In total, 1,643 individuals were reported to live in the 222 households reached in both rounds (average household size: 7.4). Using household-code, sex and age, 1,236 (75%; 1236/1643) individuals could be re-identified in both rounds. The 1,236 individuals were principally female (54%, 667/1,236) with a median age of 16 (Interquartile range: 8–28 years). The 407 (25%) individuals who were unable to be re-identified were reported to have lived in the household during only one of the two rounds of MDA.
Attendance, compliance and adherence
All 222 households attended the distribution during r1 (100%), accounting for 1,236 household members of which 1,233 were eligible for ASAQ-CP (i.e. household members older than six months). During r2, 212 (96%) households attended the MDA, accounting for 1,157 household members of which 1,154 were eligible for ASAQ-CP. Of the eight households that could not attend the MDA in r2, six were not in the distribution area during the distribution of medication packs, one did not receive a voucher and one lost the voucher.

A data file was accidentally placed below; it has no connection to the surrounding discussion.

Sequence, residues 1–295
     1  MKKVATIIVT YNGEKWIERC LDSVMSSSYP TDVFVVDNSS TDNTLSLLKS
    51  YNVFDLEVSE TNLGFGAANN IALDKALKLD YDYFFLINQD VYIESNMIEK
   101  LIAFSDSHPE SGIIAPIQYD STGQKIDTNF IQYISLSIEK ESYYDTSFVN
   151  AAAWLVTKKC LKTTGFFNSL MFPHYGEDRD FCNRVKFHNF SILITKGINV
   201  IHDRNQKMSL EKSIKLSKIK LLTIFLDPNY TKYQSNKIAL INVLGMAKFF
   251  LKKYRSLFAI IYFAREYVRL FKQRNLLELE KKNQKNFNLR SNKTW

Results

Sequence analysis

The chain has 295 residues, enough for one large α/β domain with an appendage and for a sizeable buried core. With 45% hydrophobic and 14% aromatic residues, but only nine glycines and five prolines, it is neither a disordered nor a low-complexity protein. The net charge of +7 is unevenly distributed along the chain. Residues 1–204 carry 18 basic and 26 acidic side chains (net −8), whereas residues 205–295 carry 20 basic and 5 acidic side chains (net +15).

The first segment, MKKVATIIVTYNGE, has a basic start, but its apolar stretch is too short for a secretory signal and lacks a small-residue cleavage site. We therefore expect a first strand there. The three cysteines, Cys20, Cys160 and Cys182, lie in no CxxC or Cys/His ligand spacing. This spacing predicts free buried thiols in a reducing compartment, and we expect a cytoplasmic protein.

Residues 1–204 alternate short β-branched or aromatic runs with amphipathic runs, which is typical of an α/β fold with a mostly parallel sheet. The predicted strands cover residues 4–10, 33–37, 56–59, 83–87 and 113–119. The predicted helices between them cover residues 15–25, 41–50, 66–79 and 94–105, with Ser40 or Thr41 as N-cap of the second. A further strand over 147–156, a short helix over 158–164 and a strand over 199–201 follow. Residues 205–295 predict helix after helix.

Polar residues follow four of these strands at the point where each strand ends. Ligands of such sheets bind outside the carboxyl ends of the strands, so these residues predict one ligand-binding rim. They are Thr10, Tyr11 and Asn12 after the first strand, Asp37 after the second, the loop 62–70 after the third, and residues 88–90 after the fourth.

Despite the availability of buffer stocks, some household members did not receive ASAQ-CP. In r11, 1,113 (90%) of 1,233 household members received sufficient ASAQ-CP, compared with 1,144 (99%) of 1,154 in r2 (Table 1).
Among those household members that received any dose, the dose received was reported to be age appropriate for ≥98% of household members in both rounds. During r1, 98% (983/1,005) of household members for whom information was available, reported receiving the correct dosage of ASAQ-CP for their age, 21 (2%) did not know, and one (0.1%) reported receiving an incorrect dose. In r2, 100% (1,144) household members reported receiving the correct dose.
Compliance with ASAQ-CP initiation among those that attended the MDA was 52% (643/1233) in r1 and 22% (256/1154) in r2 (Table 1). There were no significant differences in age or gender between individuals who did and did not initiate ASAQ-CP in r1 and r2: In r1 44% of household members initiating ASAQ-CP were male, median age was 15 years. 47% of household members not initiating ASAQ-CP were male and median age was 17 years. In r2 44% of household members initiating ASAQ-CP were male, median age was 15 years. 45% of household members not initiating ASAQ-CP were male and median age was 16.5 years.